“Music speaks what cannot be expressed, Soothes the mind and gives it rest, Heals the heart and makes it whole, Flows from heaven to the soul.”
From the moment I first saw him, I wanted him like I’ve never wanted anything before in my life. The concept of “want” was something new to me; I wanted nothing that I didn’t need, and I needed only what kept me alive. I would surely not perish if I didn’t have Quatre . . . but I am not sure that I would quite be living if living were without him.
Did I need him? Not really.
Did I want him? Yes.
And I thought, as I stood upon the heavy bay door of Heavyarms’ cockpit with my hands raised in surrender, as I stared at the delicate picture of perfection that was smiling mercifully before me, I would do anything in the name of God or otherwise just to touch him once.
That was a first for me, and as time passed I realized that I would have killed just to look at him, to know him. It was beyond my wildest dreams that Quatre Raberba Winner would have even dared to call me an acquaintance. It was unheard of that he would eventually call me a comrade. And it was enough to shatter my mind to pieces the day that he called me his friend. I would have happily died on that day if death meant that those words would be spoken to me, even once.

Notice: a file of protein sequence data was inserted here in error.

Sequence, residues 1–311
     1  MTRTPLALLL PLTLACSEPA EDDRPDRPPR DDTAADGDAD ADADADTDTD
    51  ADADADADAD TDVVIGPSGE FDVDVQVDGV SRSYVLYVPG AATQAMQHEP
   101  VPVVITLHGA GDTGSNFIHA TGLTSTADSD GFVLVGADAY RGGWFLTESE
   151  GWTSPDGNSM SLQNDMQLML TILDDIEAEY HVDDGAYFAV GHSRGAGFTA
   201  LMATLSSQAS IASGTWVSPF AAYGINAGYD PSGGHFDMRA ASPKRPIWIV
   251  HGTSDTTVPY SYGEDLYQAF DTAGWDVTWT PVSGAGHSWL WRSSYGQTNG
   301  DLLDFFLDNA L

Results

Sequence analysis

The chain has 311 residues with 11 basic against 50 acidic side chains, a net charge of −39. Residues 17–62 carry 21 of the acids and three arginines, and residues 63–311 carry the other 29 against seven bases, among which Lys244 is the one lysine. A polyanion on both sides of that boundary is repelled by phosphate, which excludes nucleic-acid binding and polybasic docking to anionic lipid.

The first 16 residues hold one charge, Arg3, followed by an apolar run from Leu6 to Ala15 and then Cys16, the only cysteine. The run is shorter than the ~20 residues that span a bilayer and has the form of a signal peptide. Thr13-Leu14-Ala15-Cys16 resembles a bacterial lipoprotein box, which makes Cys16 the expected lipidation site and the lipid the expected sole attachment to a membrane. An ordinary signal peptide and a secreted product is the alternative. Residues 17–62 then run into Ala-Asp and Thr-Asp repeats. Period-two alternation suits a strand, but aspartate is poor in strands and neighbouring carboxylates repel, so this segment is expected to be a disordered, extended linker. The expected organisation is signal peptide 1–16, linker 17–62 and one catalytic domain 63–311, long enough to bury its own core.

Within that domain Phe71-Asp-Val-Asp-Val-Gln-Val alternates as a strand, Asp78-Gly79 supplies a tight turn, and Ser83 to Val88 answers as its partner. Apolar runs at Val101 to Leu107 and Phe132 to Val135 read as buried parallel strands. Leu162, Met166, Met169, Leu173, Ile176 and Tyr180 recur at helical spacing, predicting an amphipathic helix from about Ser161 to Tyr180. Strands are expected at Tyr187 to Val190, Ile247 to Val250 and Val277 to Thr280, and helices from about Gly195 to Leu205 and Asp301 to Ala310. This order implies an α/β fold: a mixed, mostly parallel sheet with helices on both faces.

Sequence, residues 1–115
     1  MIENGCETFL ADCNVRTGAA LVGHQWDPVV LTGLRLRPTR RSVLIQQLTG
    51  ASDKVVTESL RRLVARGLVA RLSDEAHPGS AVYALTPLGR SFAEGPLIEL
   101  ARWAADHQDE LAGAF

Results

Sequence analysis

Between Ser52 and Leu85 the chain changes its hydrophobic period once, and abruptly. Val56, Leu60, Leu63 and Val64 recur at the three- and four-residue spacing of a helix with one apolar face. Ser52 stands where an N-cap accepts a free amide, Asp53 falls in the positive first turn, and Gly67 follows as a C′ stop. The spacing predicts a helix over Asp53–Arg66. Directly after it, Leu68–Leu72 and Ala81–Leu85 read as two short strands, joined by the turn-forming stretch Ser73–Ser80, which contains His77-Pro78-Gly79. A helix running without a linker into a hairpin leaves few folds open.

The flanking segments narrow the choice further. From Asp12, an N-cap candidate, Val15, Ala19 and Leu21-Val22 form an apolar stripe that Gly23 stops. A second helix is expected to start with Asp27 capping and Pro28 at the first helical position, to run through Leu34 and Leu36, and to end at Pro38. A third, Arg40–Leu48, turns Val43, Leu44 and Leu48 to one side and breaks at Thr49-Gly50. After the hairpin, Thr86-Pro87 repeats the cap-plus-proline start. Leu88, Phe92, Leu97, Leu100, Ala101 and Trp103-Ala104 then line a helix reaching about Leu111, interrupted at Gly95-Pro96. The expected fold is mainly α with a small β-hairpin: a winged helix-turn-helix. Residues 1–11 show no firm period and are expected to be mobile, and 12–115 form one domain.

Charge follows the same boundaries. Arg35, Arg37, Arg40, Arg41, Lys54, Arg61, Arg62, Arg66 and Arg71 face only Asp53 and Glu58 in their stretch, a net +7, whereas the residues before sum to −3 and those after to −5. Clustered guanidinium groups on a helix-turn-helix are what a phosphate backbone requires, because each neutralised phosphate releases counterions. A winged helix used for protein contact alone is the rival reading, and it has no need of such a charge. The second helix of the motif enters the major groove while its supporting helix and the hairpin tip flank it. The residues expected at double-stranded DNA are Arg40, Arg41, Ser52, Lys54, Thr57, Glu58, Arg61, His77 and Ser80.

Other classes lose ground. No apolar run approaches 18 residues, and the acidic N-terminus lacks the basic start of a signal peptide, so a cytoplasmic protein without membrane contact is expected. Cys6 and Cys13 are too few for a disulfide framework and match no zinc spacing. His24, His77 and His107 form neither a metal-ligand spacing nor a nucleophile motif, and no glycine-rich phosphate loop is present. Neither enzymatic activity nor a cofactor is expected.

But in that particular way of mine, I failed to even respond when Quatre said that he considered me a friend. I was in shock; I’d never had a friend before in my life, not a real one. And as all these emotions came thundering down upon my fragile heart, I realized for the first time in my life that I lacked the common knowledge of expressing anything in return. I felt like a man with no eyes being told to read a book; it simply cannot be accomplished, and since I lacked the tools to express emotion, at least tools that had not been used in so long, what followed was a very awkward moment for both of us.
Quatre is my mirror opposite. He bubbles with emotion and has no problem expressing it at all. I envy that ability, as I envy him, not hatefully, mind you—it is a melancholy sadness that fills me when I hear him laugh, when I see him smile or break into tears or fly into a rage. Everyone knows what Quatre feels, when he feels it. His body language and heart can be so easily read that it must become bothersome when he wishes to hide such feelings from others.
What attracted Quatre to me I have no idea. I suppose like two magnets we were drawn together by our opposing forces. I was reclusive, he was gregarious. I was cold, he was warm. I was introverted, he was outgoing. I was darkness while he was light.